Five days before his showdown with Former Alabama Supreme Court Chief Justice Roy Moore in the Republican primary runoff for the Alabama Senate special election, Sen. Luther Strange still finds himself batting away corruption accusations from state legislators in Montgomery.

State Reps. Ed Henry and Mike Ball, both Republicans, voiced concern at a joint news conference Wednesday regarding Strange’s role in an investigation that saw the conviction of former Alabama House Speaker Mike Hubbard on 11 corruption charges.

Republicans Head Into Alabama Senate Race Homestretch
Campaigns zero in on turning out supporters

Alabama Sen. Luther Strange is counting on visits by President Donald Trump and Vice President Mike Pence to carry him to victory on Sept. 26. (Bill Clark/CQ Roll Call File Photo)

The biggest names in the Republican Party — from President Donald Trump to former Alaska Gov. Sarah Palin —  will be heading south as the GOP primary runoff in the Alabama Senate race enters the homestretch. 

Sen. Luther Strange and former Alabama Supreme Court Chief Justice Roy Moore have been fighting for the GOP nod to fill the remaining term of former Sen. Jeff Sessions, now Trump’s attorney general. As the top two contenders in the August primary, they advanced to the runoff, which in some ways has turned into a proxy battle within the Republican Party.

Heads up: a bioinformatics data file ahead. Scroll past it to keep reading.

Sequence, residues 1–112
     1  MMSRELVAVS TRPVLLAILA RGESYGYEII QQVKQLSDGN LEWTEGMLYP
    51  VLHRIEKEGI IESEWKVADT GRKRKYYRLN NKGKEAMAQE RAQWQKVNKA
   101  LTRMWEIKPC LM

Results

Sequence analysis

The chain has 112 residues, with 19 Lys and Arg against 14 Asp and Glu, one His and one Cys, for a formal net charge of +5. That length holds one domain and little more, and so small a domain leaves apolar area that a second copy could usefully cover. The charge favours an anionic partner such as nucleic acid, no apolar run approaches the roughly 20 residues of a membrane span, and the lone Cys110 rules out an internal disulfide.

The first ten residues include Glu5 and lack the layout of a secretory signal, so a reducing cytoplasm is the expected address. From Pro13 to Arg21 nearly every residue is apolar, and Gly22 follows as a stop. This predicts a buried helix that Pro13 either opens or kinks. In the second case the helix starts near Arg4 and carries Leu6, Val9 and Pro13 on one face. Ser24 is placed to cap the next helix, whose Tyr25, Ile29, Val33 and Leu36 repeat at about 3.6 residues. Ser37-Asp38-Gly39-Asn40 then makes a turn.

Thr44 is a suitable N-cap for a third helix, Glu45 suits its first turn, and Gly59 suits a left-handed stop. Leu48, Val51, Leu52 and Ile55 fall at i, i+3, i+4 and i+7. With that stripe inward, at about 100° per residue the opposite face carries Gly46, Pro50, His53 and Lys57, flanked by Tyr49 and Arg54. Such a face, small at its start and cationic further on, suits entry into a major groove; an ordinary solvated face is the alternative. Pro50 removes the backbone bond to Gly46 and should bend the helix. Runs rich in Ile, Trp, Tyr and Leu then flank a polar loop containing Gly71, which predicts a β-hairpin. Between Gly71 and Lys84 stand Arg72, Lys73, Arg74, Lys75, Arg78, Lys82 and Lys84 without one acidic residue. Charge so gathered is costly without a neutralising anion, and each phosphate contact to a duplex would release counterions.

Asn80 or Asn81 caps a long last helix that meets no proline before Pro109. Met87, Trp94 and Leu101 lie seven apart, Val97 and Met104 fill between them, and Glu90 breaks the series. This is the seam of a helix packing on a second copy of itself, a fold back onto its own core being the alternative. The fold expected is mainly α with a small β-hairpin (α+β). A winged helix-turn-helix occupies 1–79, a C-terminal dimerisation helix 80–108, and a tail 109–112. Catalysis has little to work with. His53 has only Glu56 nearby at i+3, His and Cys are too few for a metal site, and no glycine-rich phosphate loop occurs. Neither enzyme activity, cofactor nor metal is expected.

Analysis: Why Ryan Has Stepped Into the Senate Health Care Debate
Speaker has typically steered clear of offering advice or taking on other chamber

Speaker Paul D. Ryan has signaled the Graham-Cassidy health care measure in the Senate will get a House floor vote. (Tom Williams/CQ Roll Call)

Speaker Paul D. Ryan doesn’t like to meddle in Senate affairs — except when he does.

Throughout July when the Senate was working through various proposals to partially repeal and replace the 2010 health care law, Ryan frequently declined to comment on what the other chamber was considering.

GOP Primaries Could Hamper Plans on Taxes
Vulnerable Republican incumbents pose a challenge for McConnell

Alabama Sen. Luther Strange faces former Judge Roy Moore in a crucial Senate primary runoff next week. (Bill Clark/CQ Roll Call File Photo)

Republican hopes for moving an ambitious tax package in a closely divided Senate may hinge on a number of incumbents on the ballot, including Luther Strange of Alabama, who faces a tough primary runoff on Sept. 26.